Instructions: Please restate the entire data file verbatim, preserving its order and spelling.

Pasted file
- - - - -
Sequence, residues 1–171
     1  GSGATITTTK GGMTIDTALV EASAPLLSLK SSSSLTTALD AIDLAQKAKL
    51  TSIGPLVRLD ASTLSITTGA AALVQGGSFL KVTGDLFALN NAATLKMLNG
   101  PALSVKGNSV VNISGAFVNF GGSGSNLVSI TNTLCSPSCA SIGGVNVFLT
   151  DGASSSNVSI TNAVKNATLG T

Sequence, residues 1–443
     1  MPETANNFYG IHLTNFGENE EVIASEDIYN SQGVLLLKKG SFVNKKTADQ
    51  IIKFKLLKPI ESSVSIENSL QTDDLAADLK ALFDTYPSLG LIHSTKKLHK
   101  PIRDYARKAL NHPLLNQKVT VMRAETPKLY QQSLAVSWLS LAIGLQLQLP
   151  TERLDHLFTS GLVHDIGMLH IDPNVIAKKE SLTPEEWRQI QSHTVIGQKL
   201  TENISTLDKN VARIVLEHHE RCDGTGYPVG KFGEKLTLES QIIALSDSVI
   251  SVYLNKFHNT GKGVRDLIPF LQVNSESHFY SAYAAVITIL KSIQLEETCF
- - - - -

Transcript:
Sequence, residues 1–171
     1  GSGATITTTK GGMTIDTALV EASAPLLSLK SSSSLTTALD AIDLAQKAKL
    51  TSIGPLVRLD ASTLSITTGA AALVQGGSFL KVTGDLFALN NAATLKMLNG
   101  PALSVKGNSV VNISGAFVNF GGSGSNLVSI TNTLCSPSCA SIGGVNVFLT
   151  DGASSSNVSI TNAVKNATLG T

Sequence, residues 1–443
     1  MPETANNFYG IHLTNFGENE EVIASEDIYN SQGVLLLKKG SFVNKKTADQ
    51  IIKFKLLKPI ESSVSIENSL QTDDLAADLK ALFDTYPSLG LIHSTKKLHK
   101  PIRDYARKAL NHPLLNQKVT VMRAETPKLY QQSLAVSWLS LAIGLQLQLP
   151  TERLDHLFTS GLVHDIGMLH IDPNVIAKKE SLTPEEWRQI QSHTVIGQKL
   201  TENISTLDKN VARIVLEHHE RCDGTGYPVG KFGEKLTLES QIIALSDSVI
   251  SVYLNKFHNT GKGVRDLIPF LQVNSESHFY SAYAAVITIL KSIQLEETCF